Confirmed Speakers

Yaakov Benenson (ETH Zürich, Switzerland)

Benenson_photo The Benenson group engineers synthetic biological circuits that control and manipulate living cells. The circuits comprise modules common to all control systems: sensors, processors (computers) and actuators. Unlike traditional electromechanical devices, all these modules are built of biological molecules and operate inside live mammalian cells.
Potential applications of these circuits include complex real-time measurements in single cells, disease diagnostics and treatment with single-cell resolution, and cell ‘reprogramming’.

William E. Bentley (University of Maryland, USA)

Bentley_photo The Bentley lab is deciphering and manipulating signal transduction pathways and the regulation of genetic circuits during applied stresses, including those of bacterial communication networks (quorum sensing), for altering cell phenotype. The group is also engaged in a multidisciplinary effort to create system that serve to bridge the communication gap between biology and electronic microfabricated devices — developing new methods for localizing DNA, proteins, cells and cell assemblies onto devices that will serve to break down complexities so that discoveries can be attributed to specific molecules, gradients, patterns.

Paul Dupree (University of Cambridge, UK)

Dupree_photo The research of the Dupree group involves using biochemical and microbiological techniques in conjunction with mass spectrometry based technologies to study the structure, synthesis, and trafficking pathways of the wall of plant cells. Many fundamental aspects of plant cell wall structure and function, and the enzymes responsible for its synthesis are still largely a mystery. In addition, the complex polysaccharides produced by plants are utilized around the globe in countless commercial and industrial processes from the textile industry, agriculture, building materials, paper products and more.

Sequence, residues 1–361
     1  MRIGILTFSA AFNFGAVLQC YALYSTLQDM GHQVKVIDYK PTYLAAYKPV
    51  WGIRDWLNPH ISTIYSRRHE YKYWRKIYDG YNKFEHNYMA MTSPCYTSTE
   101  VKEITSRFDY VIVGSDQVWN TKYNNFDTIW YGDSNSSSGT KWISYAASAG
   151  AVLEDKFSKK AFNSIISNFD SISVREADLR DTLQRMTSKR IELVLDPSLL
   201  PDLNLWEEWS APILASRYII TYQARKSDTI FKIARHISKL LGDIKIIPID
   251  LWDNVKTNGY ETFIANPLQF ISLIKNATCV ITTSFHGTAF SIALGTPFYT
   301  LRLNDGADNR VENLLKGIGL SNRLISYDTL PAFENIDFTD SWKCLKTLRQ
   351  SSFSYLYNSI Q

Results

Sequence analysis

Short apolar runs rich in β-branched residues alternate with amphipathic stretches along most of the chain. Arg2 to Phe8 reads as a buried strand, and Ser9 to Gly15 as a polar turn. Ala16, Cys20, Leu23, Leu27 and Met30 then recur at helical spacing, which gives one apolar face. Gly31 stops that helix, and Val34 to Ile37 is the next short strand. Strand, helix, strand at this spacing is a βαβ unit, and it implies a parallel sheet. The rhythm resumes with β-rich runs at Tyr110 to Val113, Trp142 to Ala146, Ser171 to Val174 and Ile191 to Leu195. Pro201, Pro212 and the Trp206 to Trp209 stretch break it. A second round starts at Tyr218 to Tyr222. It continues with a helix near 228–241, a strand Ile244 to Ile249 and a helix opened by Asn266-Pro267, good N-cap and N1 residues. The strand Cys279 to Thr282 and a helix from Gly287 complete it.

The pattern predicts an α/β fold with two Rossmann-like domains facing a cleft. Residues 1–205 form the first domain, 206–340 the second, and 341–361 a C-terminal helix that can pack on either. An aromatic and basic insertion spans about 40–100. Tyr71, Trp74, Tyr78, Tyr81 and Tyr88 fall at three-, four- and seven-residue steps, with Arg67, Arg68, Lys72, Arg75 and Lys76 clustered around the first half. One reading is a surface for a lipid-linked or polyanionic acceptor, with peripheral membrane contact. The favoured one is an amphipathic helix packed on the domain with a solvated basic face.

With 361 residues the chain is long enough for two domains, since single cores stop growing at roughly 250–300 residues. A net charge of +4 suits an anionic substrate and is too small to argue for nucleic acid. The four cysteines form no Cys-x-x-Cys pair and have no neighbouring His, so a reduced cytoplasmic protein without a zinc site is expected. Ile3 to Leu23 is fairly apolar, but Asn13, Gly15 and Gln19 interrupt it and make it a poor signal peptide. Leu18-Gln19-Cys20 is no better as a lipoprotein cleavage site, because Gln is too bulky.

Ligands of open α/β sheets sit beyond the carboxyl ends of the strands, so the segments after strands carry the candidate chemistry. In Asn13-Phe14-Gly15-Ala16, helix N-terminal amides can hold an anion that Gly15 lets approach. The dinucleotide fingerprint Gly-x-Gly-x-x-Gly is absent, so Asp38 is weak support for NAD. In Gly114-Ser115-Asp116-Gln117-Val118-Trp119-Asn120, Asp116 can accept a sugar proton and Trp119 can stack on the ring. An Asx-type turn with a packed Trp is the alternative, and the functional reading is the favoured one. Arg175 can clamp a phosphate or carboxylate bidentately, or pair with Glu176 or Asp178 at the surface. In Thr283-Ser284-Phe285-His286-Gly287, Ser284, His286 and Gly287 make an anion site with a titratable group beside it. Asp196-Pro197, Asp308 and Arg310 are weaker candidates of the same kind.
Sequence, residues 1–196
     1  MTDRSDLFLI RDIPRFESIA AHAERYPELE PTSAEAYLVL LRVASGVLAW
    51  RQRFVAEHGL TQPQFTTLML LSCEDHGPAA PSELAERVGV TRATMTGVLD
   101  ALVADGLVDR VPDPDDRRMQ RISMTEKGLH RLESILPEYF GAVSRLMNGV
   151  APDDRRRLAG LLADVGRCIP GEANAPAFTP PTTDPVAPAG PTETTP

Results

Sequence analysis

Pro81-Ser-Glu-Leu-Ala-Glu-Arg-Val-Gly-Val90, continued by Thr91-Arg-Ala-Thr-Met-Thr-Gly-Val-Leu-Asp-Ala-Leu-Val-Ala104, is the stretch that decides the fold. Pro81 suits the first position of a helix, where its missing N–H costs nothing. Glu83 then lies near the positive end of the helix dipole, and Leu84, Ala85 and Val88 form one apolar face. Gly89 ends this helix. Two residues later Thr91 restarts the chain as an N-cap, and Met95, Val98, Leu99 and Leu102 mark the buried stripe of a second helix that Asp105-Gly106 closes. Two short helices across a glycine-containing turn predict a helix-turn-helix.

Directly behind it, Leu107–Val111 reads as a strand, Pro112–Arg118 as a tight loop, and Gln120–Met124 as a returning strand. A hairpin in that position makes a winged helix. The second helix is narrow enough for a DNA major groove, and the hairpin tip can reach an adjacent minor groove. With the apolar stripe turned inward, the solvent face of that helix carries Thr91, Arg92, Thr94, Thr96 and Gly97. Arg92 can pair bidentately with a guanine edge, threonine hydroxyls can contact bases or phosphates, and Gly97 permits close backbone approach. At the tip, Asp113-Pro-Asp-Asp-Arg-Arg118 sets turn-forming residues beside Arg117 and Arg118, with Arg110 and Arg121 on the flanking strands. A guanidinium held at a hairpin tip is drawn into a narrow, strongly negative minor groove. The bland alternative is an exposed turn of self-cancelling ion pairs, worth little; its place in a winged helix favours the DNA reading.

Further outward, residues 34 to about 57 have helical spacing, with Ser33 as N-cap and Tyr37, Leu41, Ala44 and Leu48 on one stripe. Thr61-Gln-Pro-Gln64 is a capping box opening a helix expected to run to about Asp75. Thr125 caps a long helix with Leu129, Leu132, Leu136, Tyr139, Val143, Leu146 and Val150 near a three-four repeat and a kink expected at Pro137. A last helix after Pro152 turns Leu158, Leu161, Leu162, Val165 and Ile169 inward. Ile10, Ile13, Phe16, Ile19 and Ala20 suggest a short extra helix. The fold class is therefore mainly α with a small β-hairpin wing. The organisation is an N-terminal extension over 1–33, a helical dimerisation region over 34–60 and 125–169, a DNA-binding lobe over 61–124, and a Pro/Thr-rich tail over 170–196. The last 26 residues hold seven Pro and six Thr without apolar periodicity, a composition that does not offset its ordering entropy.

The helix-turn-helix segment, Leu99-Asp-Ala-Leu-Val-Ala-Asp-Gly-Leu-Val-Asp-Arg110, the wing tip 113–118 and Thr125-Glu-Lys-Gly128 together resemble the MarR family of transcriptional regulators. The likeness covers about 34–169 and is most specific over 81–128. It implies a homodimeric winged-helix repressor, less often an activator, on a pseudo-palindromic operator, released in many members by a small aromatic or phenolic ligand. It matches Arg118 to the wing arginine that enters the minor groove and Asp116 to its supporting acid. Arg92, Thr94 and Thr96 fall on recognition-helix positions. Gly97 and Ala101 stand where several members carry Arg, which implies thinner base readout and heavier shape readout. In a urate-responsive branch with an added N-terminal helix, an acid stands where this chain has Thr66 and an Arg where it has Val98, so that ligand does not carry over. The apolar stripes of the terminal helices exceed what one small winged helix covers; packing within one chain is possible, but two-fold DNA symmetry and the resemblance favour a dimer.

Tom Ellis (Imperial College London, United Kingdom)

Ellis_photo The Ellis Lab is actively involved in advancing foundational synthetic biology, developing the tools for rapid, predictable engineering of biological devices and systems; and applying synthetic biology to a variety of different biotechnology research areas.
A major focus of the lab is studying the construction of regulatory networks and improving methods to assemble complex genetic devices in cells.

Martin Fussenegger (ETH Zürich, Switzerland)

Fussenegger_photo The Fussenegger group is working on the interface with biopharmaceutical manufacturing, gene therapy and tissue engineering to transfer advances in biotechnology to human therapy.
From a systems perspective, human disease originates from perturbations of endogenous expression or signaling networks. Currently available therapeutic strategies include administration of small-molecule drugs or biopharmaceuticals, reprogramming of genetic deficiencies using gene-transfer technologies, and implantation of engineered cells or synthetic tissues. Focusing on mammalian cells and capitalizing on an integrated interdisciplinary systems approach, the group implements progress in basic research to achieve generic and prototypic advances in human therapy.

Clyde A. Hutchison III (J. Craig Venter Institute, USA)